The GDPR requires that information provided to the data subjects is intelligible. It is therefore important to present the information in a manner that is clear and concise. A good means of achieving this is to provide the information in multiple layers, i.e. that one can click to obtain more information regarding specific topics. This avoids too much information being combined onto one page.

At the same time, having too many layers makes it more difficult to access the content. It is important that the information does not become overly fragmented and difficult to keep track of.

Automated decision-making

If processing can be categorised as automated decision-making or profiling according to Article 22 of the GDPR, there are additional requirements for transparency. This includes the right to know whether you are the subject of automated decision-making, including profiling. There is also a specific requirement that the individual is provided with relevant information concerning the underlying logic and the significance and the envisaged consequences of such processing.

 The stronger requirement for transparency in connection with automated decision-making or profiling pursuant to Article 22 is referred to in:

As we will return to below, additional requirements for transparency may also apply in connection with profiling that does not come under Article 22.

Requirements for information when obtaining consent

The information that is provided to the data subjects when obtaining consent may have an impact on the validity of the consent. As mentioned, the requirement that consent is informed is one of several conditions that must be met for the consent to be valid.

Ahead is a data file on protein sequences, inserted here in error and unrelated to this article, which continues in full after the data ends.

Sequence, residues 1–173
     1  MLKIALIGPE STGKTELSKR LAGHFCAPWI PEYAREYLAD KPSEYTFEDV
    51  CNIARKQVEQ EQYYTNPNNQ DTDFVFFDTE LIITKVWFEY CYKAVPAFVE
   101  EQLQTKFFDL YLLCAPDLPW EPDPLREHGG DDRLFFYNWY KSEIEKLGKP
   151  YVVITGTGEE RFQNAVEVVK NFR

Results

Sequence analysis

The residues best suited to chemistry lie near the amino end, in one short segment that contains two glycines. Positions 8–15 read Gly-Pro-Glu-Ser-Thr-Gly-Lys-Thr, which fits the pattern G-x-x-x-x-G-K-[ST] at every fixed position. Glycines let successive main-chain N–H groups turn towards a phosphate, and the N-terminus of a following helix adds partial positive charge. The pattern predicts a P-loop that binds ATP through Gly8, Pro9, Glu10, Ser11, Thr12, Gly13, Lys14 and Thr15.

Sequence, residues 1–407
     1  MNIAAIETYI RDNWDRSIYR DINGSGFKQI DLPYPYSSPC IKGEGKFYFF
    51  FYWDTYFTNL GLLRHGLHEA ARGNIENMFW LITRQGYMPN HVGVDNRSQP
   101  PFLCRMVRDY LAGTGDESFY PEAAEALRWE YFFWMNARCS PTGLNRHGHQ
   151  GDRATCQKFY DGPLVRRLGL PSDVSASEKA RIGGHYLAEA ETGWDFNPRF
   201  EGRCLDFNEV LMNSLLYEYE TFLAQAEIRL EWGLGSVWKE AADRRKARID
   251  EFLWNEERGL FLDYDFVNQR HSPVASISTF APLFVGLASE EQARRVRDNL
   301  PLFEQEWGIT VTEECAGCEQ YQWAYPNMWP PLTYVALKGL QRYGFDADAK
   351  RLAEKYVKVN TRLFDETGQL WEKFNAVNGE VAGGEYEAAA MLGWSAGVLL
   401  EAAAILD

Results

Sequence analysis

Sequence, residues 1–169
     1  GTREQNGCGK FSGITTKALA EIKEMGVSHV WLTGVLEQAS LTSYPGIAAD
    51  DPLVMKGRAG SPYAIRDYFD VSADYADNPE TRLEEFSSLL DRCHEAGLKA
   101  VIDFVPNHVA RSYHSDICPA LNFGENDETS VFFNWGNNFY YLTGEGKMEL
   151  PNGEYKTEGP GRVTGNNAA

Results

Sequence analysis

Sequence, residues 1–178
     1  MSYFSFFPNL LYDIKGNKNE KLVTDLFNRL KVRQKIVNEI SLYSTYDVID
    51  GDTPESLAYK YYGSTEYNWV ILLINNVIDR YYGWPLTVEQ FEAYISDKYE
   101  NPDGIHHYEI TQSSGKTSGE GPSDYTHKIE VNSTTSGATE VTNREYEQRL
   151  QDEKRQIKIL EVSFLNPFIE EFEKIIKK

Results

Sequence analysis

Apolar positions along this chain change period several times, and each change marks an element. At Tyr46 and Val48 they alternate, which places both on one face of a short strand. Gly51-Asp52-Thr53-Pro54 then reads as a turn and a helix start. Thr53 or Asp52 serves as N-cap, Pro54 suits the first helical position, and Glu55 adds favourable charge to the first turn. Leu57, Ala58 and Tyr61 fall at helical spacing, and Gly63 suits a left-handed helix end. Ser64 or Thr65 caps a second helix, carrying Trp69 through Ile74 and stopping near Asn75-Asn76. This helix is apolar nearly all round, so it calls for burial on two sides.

Ruter plans to use consent as the legal basis for processing personal data when developing the AI solution. Therefore, in the report, we further examine the requirements that are set for the information in order for the consent that is granted to be informed.

 The requirement for informed consent is largely linked to the right to information as described in Articles 12–14 of the GDPR. There are some additional requirements when the processing is based on consent. If sufficient information is not provided to the data subjects, the consequence will be that the consent is invalid.

What information has to be provided in connection with obtaining consent?

The data protection regulations require that, at the same time as the request for consent is made, information must also be provided relating to:

  • The right to withdraw consent.
  • The identity of the controller.
  • The purposes of each processing activity for which the personal data will be used.

In addition, on pages 15–16 of its guidelines concerning consent, the EDPB has listed the following minimum requirements for the content of information for consent to be deemed informed:

  • information about the type of personal data that will be used
  • information about the use of personal data for potential automated decision-making
  • information about the possible risk of transferring personal data out of the EEA without an adequacy decision or necessary guarantees pursuant to Articles 45 and 46 of the GDPR.

The extent and type of information required for consent to be informed will vary. In some instances, it is necessary to provide additional information to what is mentioned above. The decisive factor is that the information will provide the data subjects with a genuine understanding of what they are consenting to.